Sensing he was going to be unconscious, he tried to sit up but couldn’t lift his head. The pain was overpowering and he wept at his inability to resist. Somehow, slowly, it began to subside. The bites became less frequent, then stopped altogether. He kept his eyes closed tight and reached an arm out, slowly feeling around for his glasses. The concrete glistened with moisture, either venom or innards, he reasoned. But the spiders were gone. Completely gone, every one of them. The birds walked around in the grass, heads bobbing and beaks pecking the earth, curious.


Herzog looked himself up and down, wondering where the pain had gone. His arms were pale, just as before, with no visible marks. Just before, covered in the spiders, he’d seen puncture wounds and trickles of blood. But now, nothing. Sanity flinched for a moment and he squeezed his fists tight.

#


The old truck coughed to life. He didn’t let it warm up, just pushed the gas and spun tires out of the driveway. The neighbor downstream was out fixing his riding lawnmower. He waved at Herzog, who stopped and motioned him over. “Olson, how ya been?” Herzog asked out of the non-cigarette side of his mouth.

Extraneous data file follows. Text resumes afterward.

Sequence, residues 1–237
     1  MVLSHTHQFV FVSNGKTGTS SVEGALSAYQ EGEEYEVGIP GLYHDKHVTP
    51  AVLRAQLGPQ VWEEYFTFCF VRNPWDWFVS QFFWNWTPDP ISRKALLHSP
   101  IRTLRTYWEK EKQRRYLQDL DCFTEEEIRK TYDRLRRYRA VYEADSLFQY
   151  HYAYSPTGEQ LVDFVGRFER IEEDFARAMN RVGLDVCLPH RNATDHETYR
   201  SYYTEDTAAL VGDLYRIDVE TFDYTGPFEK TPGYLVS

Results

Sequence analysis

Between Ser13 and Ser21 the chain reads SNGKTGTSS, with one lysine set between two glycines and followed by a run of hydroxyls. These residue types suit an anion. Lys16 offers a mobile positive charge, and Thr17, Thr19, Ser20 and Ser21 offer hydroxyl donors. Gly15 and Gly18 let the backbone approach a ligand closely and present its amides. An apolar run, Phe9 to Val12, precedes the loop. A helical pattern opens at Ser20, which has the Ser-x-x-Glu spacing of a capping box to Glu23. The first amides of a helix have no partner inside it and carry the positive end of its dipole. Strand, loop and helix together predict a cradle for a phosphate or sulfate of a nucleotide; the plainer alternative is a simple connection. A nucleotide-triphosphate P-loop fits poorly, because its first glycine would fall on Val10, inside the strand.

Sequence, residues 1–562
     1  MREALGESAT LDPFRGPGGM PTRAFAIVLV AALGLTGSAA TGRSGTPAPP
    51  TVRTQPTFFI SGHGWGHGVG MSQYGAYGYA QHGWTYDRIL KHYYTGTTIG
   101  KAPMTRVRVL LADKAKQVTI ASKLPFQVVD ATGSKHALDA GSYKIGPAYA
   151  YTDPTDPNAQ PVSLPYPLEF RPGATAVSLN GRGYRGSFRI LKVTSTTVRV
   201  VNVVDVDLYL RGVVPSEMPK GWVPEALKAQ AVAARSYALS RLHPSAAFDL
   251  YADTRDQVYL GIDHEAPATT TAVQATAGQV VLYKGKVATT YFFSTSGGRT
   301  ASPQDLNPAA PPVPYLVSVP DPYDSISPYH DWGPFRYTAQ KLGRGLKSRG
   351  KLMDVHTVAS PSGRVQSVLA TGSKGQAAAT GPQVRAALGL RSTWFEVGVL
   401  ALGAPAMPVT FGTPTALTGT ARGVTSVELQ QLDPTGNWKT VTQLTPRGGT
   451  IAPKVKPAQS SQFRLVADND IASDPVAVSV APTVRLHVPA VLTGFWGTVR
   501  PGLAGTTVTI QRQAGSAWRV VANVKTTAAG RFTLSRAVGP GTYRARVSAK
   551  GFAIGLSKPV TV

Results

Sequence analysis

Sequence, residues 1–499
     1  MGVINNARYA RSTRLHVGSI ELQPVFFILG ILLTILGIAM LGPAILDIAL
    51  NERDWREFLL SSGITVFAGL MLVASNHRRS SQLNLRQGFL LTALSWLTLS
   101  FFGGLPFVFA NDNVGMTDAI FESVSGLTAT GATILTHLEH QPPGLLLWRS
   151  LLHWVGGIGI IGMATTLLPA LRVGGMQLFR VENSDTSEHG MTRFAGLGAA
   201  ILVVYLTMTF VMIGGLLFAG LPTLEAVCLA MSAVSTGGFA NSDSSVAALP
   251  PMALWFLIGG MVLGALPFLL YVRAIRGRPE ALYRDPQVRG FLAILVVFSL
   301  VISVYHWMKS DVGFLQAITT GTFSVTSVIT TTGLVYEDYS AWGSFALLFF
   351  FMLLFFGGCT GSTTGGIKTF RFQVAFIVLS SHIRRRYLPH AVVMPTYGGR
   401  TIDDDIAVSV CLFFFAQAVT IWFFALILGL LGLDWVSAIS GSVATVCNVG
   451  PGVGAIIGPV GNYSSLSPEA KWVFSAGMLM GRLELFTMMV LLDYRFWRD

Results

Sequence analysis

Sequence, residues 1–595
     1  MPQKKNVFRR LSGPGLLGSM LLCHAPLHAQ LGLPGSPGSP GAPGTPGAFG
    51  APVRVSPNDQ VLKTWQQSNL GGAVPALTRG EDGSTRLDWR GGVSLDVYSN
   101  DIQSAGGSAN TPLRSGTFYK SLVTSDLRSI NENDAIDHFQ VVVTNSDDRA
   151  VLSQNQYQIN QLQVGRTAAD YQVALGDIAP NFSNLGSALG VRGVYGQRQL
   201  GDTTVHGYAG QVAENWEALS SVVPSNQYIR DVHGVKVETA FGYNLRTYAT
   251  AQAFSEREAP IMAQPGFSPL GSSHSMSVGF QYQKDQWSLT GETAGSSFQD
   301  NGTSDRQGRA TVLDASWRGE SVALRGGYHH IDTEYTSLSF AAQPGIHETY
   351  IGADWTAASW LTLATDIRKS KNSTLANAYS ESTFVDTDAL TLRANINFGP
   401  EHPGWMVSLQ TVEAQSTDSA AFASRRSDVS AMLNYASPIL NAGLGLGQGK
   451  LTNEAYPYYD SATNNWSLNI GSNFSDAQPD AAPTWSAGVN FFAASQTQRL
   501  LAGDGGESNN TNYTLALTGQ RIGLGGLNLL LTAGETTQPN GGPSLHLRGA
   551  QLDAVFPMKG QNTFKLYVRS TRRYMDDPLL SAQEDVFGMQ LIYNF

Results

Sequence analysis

“Oh, real good Herzog. You? Been out fishing lately?”


Herzog looked up the gravel road and chose his words carefully. “Nah, not this year. Wait’ll it warms up a bit. Been getting the yard ready. Say, you been out all afternoon?”


Olson’s eyes reflected the clouds moving overhead. Herzog thought he saw a flicker of something, then it was gone. “Been out here about an hour. Damn tractor threw the belt again. Get this—rode the stupid thing all over the yard, lap after lap, not even realizing it stopped cutting. Damn thing just idling, no blades. You believe that shit?” He grinned wide, turned his torso and spat.
“Why do you ask, anyway?”


“No reason. Just keeping an eye on the weather,” Herzog said. “They say we’re about to get some nasty storms up this way later on tonight, into tomorrow. Some severe stuff, so they say.”


Olson stuck out a stubby red hand, shook Herzog’s. “Stay safe, Herzog. Good to see you my friend. Say hullo to Janie for me.”
The sun was ducking behind the trees, and Olson kept looking in the direction of it. Looked nervous, like he didn’t want the sun to go down. Herzog shook off a chill as he drove off, thinking about those damn spiders.

#


Once Herzog was out of sight, Olson hurried across the street and in through the gate at Herzog’s. Inside, Janie waited for him, sprawled out on the couch, holding a plastic jug of drain cleaner marked “lemonade.” Olson pulled loose his overalls, wiped the sweat from his brow, and took the jug from her. He threw his head back and chugged the bottle. He cast it aside and wiped his lips with a muted belch.